Let's start with maintaining skills, especially those that are seldom used. Many published studies have looked at specific skill retention, including intubation. The studies point out that many medics don t get frequent opportunities to intubate, which may affect their success rates. However, studies have also shown the benefit of containing education in skill compliance. (These studies can be viewed on the PHTLS website at www.phtls.org.)
An example of such a study, with which I'm intimately familiar, is a study done by Dr. Jameel Ali that looked at skill compliance and patient outcomes before and after PHTLS training. Not only did his study show increased skill compliances but improved patient outcomes. So it has been demonstrated that skill compliance and patient outcomes both benefit from CE that s designed for specific skill compliance and targeted patient populations.
The second item on our list is change. Continuing education can and should address changes in practice dictated by science. Although we need to maintain skills in areas that are part of current practice, we must also update providers to changes in practice in a manner that shows relevance to practice and patient outcomes.
Our third item is compliance. We have protocols in place and skills appropriate to patient situations. QI/QA programs should determine agency specific reality vs. what our protocols call for. CE should be designed to address the gap and bring providers into compliance. Such studies as the one by Dr. Ali have showed the value of these endeavors by improving compliance and patient outcomes.
The last point to consider is if we can make CE relevant, interesting and useful. I say, Yes, we can. Besides the obvious benefit pointed out by the studies, con ed can be imaginative and collaborative efforts that create opportunities to cover new material and change, review protocols and skills, and create a professional interdisciplinary atmosphere that puts prehospital care providers in place with other medical professionals dealing with our patients.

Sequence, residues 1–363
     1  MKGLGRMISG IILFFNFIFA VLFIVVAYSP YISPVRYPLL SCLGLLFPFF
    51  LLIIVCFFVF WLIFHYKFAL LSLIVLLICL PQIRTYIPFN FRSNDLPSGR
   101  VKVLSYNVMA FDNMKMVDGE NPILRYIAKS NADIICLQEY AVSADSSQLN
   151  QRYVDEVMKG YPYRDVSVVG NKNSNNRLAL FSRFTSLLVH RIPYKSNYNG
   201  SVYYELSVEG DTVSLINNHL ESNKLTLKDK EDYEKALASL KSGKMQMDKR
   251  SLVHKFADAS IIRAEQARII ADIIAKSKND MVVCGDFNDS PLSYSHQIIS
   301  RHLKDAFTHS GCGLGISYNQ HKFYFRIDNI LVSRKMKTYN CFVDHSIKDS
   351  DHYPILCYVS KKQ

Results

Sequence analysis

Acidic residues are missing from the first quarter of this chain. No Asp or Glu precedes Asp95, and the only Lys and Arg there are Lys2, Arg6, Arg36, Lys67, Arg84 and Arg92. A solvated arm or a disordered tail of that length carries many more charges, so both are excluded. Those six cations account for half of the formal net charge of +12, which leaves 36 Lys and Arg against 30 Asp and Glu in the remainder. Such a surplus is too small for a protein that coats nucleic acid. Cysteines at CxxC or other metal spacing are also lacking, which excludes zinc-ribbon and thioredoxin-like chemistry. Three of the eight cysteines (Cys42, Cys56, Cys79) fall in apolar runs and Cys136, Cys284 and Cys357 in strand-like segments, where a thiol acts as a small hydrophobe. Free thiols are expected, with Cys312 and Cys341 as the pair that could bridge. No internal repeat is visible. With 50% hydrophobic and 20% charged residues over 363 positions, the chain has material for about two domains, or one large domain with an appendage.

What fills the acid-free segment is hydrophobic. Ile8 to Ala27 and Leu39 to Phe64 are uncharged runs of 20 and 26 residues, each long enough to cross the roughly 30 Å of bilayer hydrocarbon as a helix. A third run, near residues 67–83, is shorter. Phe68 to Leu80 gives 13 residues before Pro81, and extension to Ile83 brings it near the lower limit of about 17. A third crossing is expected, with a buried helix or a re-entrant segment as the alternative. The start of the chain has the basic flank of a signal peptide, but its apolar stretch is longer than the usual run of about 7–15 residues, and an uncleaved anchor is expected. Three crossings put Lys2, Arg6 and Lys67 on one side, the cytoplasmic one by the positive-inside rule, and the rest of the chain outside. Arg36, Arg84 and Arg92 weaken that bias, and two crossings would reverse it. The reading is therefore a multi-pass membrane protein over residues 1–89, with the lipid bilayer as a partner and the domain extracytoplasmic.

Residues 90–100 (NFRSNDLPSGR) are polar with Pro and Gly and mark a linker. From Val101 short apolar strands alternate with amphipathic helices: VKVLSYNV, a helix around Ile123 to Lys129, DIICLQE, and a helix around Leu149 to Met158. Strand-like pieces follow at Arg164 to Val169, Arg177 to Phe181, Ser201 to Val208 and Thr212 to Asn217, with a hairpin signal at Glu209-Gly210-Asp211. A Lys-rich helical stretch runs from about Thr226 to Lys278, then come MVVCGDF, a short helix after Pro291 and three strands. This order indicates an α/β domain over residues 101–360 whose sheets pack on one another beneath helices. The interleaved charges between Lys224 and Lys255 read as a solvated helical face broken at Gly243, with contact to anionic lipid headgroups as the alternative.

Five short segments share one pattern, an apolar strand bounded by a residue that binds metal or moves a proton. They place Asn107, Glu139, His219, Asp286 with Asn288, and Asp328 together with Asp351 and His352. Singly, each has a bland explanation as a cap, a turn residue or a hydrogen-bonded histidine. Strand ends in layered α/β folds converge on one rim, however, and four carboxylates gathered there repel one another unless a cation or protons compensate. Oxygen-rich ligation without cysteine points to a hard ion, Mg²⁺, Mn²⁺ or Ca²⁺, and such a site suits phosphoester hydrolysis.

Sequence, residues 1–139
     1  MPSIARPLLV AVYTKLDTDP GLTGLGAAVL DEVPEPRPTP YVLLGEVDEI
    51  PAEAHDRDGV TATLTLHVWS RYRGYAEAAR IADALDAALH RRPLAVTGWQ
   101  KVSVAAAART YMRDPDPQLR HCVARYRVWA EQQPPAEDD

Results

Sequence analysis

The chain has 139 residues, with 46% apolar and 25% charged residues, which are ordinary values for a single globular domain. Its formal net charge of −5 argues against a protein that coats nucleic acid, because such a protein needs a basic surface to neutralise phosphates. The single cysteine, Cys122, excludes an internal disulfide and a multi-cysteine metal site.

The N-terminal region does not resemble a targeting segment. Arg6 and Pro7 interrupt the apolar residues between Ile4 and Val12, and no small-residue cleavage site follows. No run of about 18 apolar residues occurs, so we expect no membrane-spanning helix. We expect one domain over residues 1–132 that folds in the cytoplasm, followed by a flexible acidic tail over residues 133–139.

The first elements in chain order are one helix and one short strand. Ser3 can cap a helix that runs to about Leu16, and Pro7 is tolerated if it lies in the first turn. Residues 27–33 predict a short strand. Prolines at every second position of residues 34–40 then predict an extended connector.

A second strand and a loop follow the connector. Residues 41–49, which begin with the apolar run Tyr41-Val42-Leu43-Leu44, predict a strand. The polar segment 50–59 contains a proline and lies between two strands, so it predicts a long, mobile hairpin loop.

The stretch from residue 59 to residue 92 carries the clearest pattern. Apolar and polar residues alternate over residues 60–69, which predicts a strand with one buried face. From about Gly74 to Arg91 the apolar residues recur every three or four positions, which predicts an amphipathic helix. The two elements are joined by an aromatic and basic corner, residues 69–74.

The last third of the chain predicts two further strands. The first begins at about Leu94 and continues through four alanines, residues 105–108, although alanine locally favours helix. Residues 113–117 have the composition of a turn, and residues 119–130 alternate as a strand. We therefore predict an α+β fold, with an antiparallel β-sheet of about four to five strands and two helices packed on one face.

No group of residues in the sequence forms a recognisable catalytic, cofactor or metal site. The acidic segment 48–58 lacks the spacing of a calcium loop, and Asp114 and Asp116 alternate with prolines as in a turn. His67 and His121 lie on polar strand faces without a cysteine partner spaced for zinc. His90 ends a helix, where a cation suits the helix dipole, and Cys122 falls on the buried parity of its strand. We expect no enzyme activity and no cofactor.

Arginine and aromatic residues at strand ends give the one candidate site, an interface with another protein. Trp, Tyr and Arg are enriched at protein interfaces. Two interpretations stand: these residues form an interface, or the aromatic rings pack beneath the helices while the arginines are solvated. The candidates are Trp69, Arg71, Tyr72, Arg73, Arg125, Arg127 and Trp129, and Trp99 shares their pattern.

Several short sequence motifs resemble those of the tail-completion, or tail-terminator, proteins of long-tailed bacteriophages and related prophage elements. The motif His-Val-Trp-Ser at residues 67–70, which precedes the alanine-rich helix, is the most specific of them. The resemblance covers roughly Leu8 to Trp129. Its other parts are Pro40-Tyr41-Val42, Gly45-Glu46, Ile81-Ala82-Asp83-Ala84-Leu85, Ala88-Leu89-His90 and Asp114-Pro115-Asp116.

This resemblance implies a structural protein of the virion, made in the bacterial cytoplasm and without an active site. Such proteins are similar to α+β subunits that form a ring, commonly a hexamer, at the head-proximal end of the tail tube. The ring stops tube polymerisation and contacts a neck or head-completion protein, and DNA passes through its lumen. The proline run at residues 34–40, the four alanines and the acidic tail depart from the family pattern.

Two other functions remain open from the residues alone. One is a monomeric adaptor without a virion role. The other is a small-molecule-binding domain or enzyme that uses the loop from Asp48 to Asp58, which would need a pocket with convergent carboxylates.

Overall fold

Because this is a trauma column, I'll focus for this last moment on trauma training. Besides the benefit I've already described from courses like PHTLS, efforts by trauma professionals all over the trauma world are creating an atmosphere of professional cooperation and scholarly pursuit.
Trauma Grand Rounds many of you may have heard of this and even had the chance to participate. It's done in many different manners and always presents and interesting CE alternative.
A while back, I had the chance to sit in on Trauma Grand Rounds in Kansas. In this particular presentation, the prehospital care providers presented their patient history, and then the ED, surgical team, ICU and rehab folks presented their parts. Not only was it a valuable experience that revealed the effect each part had on the patient, but they also saw their place in the total patient care package. One of the concerns expressed by the medic who recently wrote to me was that he didn't feel included in the medical profession. This type of presentation makes clear where the prehospital piece fits in, it's value to the whole and the professional cooperation of each of the aspects of team care.
Another approach I worked on was at Good Samaritan in suburban Chicago where trauma surgeons did monthly CE on specific cases. Again, medics saw their patient care as a part of the whole; professional cooperation and camaraderie was strengthened while best practice and outcomes related to care were defined.
In closing, I want to emphasize a few points: QI/QA should be agency specific, and trauma systems should be actively involved in CE that includes all members of the patient care team from the field to rehab. Continuing education is our greatest burden and our greatest opportunity. If we recognize its potential, we can work to make it more relevant and productive for the benefit of providers and the profession.